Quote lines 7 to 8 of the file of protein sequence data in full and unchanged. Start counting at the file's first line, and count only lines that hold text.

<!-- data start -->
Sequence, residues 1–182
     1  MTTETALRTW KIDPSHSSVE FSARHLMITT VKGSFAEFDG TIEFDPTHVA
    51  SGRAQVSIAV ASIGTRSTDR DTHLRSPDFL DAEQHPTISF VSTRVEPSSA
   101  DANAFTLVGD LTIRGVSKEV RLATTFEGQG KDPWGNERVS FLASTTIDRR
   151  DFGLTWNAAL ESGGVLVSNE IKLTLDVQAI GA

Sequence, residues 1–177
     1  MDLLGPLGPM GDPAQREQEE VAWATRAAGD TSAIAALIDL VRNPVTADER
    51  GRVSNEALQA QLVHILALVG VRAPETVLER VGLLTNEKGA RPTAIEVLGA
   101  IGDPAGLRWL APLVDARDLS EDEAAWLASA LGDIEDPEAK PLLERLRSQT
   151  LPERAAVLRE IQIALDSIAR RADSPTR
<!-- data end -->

     1  MDLLGPLGPM GDPAQREQEE VAWATRAAGD TSAIAALIDL VRNPVTADER
    51  GRVSNEALQA QLVHILALVG VRAPETVLER VGLLTNEKGA RPTAIEVLGA